YALE UMC HISTORY

Yale UMC History

A little bit about where we started...

Methodist ministries who have served Yale have quite the history. Earliest records show Brockway Circuit. Port Huron District Methodist Episcopal Church with Rev. Morey Herrington organizing the Mill Creek Circuit in 1857. Brockway Centre which is now Yale was ministered by the "Elk Creek Circuit Riders," "The Mill Creek Circuit Riders" and "The Brockway Circuit Riders".

The list starts with J.H. Camburn in 1858 and Thomas Nichols in 1862 through the Methodist-Episcopal Church. A small log room was built on the present site of the McMillin Furniture store. It served as a meeting place for business and church services. It was too small to accommodate all the children. A new larger building was put up on the present site of the McMillan home in 1867. The old Cottage School as it was called was not built to handle such large crowds and the floor soon gave way. The building was shared alternately by the Methodist-Protestant and the Methodist-Episcopal Congregations. Services were then held in a barn nearby.
 

In 1871, the Methodist-Episcopals erected a new church just north of the current post office on Jones Street, but after a few years it burned.

The Methodist-Protestant congregation purchased property on Park Avenue and built another church in 1872 which still stands today. It was sold to the United Missionary Church and now belongs to the Church of Believers.

The current Methodist Church site was purchased from the estate of James Brown, through Henry Ohmer the Administrator. The building was finally completed in 1917 and still stands today. It was dedicated on December 2, 1917 as the Methodist Episcopal Church. Rev. Waldren Geach was the pastor.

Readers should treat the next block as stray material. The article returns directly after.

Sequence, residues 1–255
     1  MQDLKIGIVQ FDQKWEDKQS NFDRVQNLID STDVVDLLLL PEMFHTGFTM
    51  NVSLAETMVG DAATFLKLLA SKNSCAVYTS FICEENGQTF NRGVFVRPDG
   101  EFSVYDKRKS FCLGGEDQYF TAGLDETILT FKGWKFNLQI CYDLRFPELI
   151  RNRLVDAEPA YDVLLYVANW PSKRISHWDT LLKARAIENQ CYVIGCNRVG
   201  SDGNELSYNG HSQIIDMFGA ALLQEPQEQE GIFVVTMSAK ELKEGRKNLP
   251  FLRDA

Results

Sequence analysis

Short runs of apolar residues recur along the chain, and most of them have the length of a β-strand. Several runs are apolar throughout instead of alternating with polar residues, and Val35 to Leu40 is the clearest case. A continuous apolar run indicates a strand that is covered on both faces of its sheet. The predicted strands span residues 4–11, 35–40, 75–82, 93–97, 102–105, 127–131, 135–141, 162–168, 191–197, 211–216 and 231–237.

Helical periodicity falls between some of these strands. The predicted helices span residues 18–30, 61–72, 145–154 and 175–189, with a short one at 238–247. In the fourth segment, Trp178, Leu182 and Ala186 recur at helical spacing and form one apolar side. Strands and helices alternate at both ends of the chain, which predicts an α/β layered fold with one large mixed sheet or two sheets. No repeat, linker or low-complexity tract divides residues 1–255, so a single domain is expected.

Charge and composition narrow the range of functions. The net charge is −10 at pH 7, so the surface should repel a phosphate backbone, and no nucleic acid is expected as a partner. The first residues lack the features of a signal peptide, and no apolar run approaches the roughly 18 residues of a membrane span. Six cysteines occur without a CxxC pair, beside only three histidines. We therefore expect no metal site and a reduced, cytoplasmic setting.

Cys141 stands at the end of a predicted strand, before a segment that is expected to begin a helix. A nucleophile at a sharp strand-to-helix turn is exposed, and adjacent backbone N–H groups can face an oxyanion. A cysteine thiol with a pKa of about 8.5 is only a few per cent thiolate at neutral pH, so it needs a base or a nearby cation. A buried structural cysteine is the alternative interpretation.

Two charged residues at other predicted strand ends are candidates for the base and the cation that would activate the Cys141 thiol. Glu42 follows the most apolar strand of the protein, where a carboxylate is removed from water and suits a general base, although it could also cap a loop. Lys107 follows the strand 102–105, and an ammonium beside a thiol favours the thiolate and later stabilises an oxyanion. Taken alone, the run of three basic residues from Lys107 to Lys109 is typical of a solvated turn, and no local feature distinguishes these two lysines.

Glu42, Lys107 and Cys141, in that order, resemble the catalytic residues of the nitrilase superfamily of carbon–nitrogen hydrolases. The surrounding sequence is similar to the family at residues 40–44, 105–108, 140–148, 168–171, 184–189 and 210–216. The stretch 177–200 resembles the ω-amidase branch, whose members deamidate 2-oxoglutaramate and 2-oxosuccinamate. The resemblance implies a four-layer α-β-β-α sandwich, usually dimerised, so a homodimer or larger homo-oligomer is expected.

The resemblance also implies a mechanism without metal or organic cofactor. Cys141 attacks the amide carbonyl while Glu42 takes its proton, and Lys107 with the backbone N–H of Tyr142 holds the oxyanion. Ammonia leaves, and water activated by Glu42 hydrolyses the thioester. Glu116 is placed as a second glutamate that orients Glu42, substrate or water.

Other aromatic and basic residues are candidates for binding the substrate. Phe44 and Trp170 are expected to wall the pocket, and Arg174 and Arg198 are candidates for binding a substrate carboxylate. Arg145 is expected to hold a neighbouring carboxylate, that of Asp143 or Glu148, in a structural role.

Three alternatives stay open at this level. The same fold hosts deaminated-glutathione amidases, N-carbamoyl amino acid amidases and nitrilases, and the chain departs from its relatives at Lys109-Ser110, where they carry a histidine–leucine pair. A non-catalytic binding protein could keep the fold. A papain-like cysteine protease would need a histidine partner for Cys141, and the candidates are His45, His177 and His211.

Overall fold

In 1945, the congregations of the Methodist-Protestant and the Methodist-Episcopal became one. They were then known as the Central United Methodist Church.

In 1968, it became the Yale United Methodist Church. It has a rich history from the early logging and farming days of Brockway Centre to its Current Standing in the community today. 




Methodist History

The streams of spiritual life that came together to form the United Methodist church had their origins in the Evangelistic outreach and Ministries of John and Charles Wesley and Francis Asbury (The Methodist Church), Phillip William Otterbein and Martin Boehm (The United Brethren Church), and Jacob Albright (The Evangelical Church). All were claimed by a common faith and zeal. The authority of the scripture, a personal spiritual experience of salvation through faith in Christ, and love expressed in service to others were emphasized by each of them.

The churches that came together to form the United Methodist Church in 1968 held the same fundamental doctrines of faith. "Theological traditions steeped in the protestant reformation and Wesley Anism, similar ecclesiastical structures, and relationships which dated back almost two hundred years facilitated the union"

From each of these Pioneers, claimed by God, we have received a rich heritage that has touched almost every aspect of our lives. Since the beginning days of the "Oxford Methodist", "Otterbein People", and the "Albright People", the church that came into being through their influence has served a multitude of people all over the world and has grown to over 9.7 million members today.


Our United Methodist Discipline States:

1. As United Methodists, we have an obligation to bear a faithful Christian witness to Jesus Christ, the Living Reality at the center of the Church's life and witness.


2. Scripture. The Bible is the primary source for what we believe. Our doctrines are grounded in the Biblical story of God's self-disclosure-in creation, in the life, death, and resurrection of Jesus Christ, in the activity of the Holy Spirit, and in the coming of God's promised kingdom.


3. Tradition.  Our Christian tradition is rooted in the lives and within the works and testimony of those who have gone before us.


4. Christian Experience.  Our personal experience of God's pardoning and healing love is radically different from intellectual assent to the message of the Bible or to doctrines set forth in our creeds.


5. Reason. We believe all truth comes from God.